CenturyLink's first major foray into the cloud services market started with acquisition of Savvis in 2011

CenturyLink's first major foray into the cloud services market started with acquisition of Savvis in 2011

CenturyLink Follows Cloud Giants’ Lead With Big Price Cuts

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CenturyLink became the latest public cloud provider to slash prices, following major cuts by AmazonGoogle and Microsoft. A typical CenturyLink cloud virtual machine will now cost at least 60 percent less.

With such big cuts across the board, price is becoming less and less a point of differentiation for cloud providers. CenturyLink believes its true differentiation in the cloud wars is in its data centers. With 56 locations worldwide, as the focus moves toward providing services as close to the customer as possible, CenturyLink has an edge here.

Not all CenturyLink data centers host the company’s cloud, however. About 30 have some kind of cloud services, but the flagship public cloud product is hosted in about 10. The company is actively expanding its cloud footprint, however.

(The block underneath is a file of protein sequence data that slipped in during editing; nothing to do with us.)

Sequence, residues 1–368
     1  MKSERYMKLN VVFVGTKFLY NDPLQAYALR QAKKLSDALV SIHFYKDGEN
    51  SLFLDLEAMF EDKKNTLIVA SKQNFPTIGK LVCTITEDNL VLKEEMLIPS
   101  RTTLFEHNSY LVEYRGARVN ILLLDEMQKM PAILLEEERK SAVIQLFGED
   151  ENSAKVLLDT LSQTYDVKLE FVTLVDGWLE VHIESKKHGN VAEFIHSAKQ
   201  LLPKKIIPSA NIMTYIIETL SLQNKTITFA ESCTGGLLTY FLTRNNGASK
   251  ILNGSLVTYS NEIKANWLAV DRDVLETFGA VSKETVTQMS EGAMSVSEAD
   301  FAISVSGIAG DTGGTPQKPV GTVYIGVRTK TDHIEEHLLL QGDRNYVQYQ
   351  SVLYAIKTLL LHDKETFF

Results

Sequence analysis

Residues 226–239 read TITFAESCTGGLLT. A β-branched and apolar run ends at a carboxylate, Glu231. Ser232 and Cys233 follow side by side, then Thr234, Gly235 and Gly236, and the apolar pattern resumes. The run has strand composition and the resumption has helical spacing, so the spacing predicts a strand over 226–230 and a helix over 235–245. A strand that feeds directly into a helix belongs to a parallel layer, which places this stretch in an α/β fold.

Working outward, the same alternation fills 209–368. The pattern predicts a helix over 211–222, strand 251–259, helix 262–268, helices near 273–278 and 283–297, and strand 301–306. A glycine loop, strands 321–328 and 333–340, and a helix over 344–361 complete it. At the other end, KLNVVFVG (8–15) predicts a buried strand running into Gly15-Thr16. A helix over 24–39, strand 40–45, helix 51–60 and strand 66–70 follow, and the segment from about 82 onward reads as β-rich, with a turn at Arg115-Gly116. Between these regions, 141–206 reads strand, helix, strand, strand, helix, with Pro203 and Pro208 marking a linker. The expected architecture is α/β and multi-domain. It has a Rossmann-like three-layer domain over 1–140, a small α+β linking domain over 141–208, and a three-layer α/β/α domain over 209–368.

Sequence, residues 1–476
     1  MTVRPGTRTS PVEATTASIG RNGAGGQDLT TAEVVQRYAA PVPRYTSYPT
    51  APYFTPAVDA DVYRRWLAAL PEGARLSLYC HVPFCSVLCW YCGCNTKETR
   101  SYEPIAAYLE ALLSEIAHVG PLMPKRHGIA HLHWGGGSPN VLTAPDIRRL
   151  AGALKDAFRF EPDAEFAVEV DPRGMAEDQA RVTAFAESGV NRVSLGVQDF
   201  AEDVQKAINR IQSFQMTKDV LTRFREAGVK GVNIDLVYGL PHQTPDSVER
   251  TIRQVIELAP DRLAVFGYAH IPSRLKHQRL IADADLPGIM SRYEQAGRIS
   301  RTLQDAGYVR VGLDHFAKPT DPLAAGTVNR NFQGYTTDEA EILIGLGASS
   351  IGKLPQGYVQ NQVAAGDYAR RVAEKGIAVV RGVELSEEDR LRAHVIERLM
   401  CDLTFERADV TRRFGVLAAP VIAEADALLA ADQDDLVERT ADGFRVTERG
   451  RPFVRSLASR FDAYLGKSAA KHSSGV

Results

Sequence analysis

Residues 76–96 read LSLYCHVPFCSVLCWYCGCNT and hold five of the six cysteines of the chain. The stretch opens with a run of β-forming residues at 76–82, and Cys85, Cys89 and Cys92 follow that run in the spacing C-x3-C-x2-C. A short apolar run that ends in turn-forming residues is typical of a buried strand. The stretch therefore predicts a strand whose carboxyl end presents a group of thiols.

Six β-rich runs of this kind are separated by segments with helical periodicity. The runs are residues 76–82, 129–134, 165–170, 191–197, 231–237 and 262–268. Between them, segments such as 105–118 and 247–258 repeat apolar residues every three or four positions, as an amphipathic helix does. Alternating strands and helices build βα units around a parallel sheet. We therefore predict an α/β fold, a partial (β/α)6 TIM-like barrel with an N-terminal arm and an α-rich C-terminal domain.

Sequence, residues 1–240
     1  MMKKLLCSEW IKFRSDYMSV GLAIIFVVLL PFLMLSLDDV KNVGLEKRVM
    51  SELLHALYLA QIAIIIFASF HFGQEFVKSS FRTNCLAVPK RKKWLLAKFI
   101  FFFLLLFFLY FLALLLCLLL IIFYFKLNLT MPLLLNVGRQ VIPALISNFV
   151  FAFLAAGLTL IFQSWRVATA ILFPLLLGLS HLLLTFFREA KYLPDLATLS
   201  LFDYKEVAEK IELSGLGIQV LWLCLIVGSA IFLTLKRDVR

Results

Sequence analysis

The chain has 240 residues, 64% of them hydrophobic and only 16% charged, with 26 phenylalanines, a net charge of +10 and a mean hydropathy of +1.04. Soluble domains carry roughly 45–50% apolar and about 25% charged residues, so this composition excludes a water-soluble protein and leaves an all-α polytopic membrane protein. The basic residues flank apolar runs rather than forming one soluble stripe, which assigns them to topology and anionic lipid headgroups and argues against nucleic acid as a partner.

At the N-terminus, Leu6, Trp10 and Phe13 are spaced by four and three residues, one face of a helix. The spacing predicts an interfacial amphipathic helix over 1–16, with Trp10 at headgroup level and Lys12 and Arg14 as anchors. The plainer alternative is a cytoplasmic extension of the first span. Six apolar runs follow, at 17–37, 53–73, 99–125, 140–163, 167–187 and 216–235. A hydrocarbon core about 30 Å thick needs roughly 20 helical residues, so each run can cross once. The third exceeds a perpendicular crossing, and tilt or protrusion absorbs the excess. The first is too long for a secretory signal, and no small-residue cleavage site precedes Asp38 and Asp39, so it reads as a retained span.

The company also differentiates with its built-in management, orchestration and platform solutions for hybrid cloud deployments. It has maintained an aggressive release cycle, adding several major new cloud capabilities since November.

“Our Seattle Cloud Development Center – featuring our own championship lineup of Jared Wray, Lucas Carlson and a host of other standouts – delivers on an agile 21-day release cycle,” Andrew Higginbotham, senior vice president of cloud and technology at CenturyLink, wrote in a blog post announcing the price cuts.

CenturyLink has been growing its cloud capabilities aggressively over the past several years, buying Platform-as-a-Service provider AppFog and Infrastructure-as-a-Service platform provider Tier 3 last year. Its first big cloud move came in 2011 when it acquired Savvis.

 

 

About the Author

Jason Verge is an Editor/Industry Analyst on the Data Center Knowledge team with a strong background in the data center and Web hosting industries. In the past he’s covered all things Internet Infrastructure, including cloud (IaaS, PaaS and SaaS), mass market hosting, managed hosting, enterprise IT spending trends and M&A. He writes about a range of topics at DCK, with an emphasis on cloud hosting.

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